Wordsworth’s Sonnets (Forerunners)

While William Wordsworth is rightly known for his longer poems – whether on the poor and destitute, or his immortality ode, or the book-length Prelude – his sonnets are also something to be reckoned with. Here are a handful of them; if you know of others, do note them in the comments. And since Wordsworth revised his poetry throughout his life, many of you may know these poems in slightly different forms; the text is taken from the Major Works volume from Oxford World’s Classics, which reproduces the earliest version of each poem.


London, 1802

Milton! thou should’st be living at this hour:
England hath need of thee: she is a fen
Of stagnant waters: altar, sword and pen,
Fireside, the heroic wealth of hall and bower,
Have forfeited their ancient English dower
Of inward happiness. We are selfish men;
Oh! raise us up, return to us again;
And give us manners, virtue, freedom, power.
Thy soul was like a Star and dwelt apart:
Thou hadst a voice whose sound was like the sea;
Pure as the naked heavens, majestic, free,
So didst thou travel on life’s common way,
In chearful godliness; and yet thy heart
The lowliest duties on itself did lay.


The world is too much with us; late and soon

The world is too much with us; late and soon,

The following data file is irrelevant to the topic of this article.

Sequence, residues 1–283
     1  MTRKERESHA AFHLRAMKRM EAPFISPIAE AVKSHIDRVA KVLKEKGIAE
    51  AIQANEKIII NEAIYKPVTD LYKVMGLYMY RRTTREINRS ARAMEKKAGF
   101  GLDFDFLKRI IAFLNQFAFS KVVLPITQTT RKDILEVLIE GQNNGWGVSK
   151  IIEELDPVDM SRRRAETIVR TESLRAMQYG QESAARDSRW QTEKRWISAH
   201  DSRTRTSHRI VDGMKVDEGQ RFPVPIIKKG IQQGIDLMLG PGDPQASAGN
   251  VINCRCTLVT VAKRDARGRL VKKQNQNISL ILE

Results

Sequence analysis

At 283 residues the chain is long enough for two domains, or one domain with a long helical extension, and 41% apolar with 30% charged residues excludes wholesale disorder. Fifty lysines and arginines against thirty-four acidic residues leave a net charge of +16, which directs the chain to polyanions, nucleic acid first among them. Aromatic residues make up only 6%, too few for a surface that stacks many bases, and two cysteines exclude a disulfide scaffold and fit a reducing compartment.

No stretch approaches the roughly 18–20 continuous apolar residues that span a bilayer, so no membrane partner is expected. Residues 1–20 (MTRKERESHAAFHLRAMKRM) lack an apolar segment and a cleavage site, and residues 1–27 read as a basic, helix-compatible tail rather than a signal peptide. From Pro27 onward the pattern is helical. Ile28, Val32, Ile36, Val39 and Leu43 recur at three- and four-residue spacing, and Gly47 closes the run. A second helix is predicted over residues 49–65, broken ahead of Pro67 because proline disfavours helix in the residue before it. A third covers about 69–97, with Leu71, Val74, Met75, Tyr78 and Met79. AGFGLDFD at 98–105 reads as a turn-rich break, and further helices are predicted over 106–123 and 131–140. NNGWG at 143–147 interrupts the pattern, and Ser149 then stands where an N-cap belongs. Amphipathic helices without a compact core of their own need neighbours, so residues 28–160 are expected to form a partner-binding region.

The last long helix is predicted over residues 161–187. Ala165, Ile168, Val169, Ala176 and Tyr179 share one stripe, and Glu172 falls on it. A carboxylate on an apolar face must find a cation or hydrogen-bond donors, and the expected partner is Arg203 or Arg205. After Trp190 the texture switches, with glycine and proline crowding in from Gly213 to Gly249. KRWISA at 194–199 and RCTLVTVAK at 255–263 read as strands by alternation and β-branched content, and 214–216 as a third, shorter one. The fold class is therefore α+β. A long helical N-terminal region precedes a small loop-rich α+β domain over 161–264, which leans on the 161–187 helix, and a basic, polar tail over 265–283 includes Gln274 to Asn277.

Getting and spending, we lay waste our powers:
Little we see in Nature that is ours;
We have given our hearts away, a sordid boon!
This Sea that bares her bosom to the moon;
The winds that will be howling at all hours
And are up-gathered now like sleeping flowers;
For this, for every thing, we are out of tune;
It moves us not – Great God! I’d rather be
A Pagan suckled in a creed outworn;
So might I, standing on this pleasant lea,
Have glimpses that would make me less forlorn;
Have sight of Proteus coming from the sea;
Or hear old Triton blow his wreathed horn.


It is no Spirit who from Heaven hath flown

It is no Spirit who from Heaven hath flown,
And is descending on his embassy;
Nor Traveller gone from Earth the Heavens to espy!
’Tis Hesperus – there he stands with glittering crown,
First admonition that the sun is down!
For yet it is broad day-light: clouds pass by;
A few are near him still – and now the sky,
He hath it to himself – ’tis all his own.
O most ambitious Star! an inquest wrought
Within me when I recognised thy light;
A moment I was startled at the sight:
And, while I gazed, there came to me a thought
That I might step beyond my natural race
As thou seem’st now to do; might one day trace
Some ground not mine; and, strong her strength above,
My Soul, an Apparition in the place,
Tread there, with steps that no one shall reprove!


“Beloved Vale!” I said, “when I shall con

“Beloved Vale!” I said, “when I shall con
Those many records of my childish years,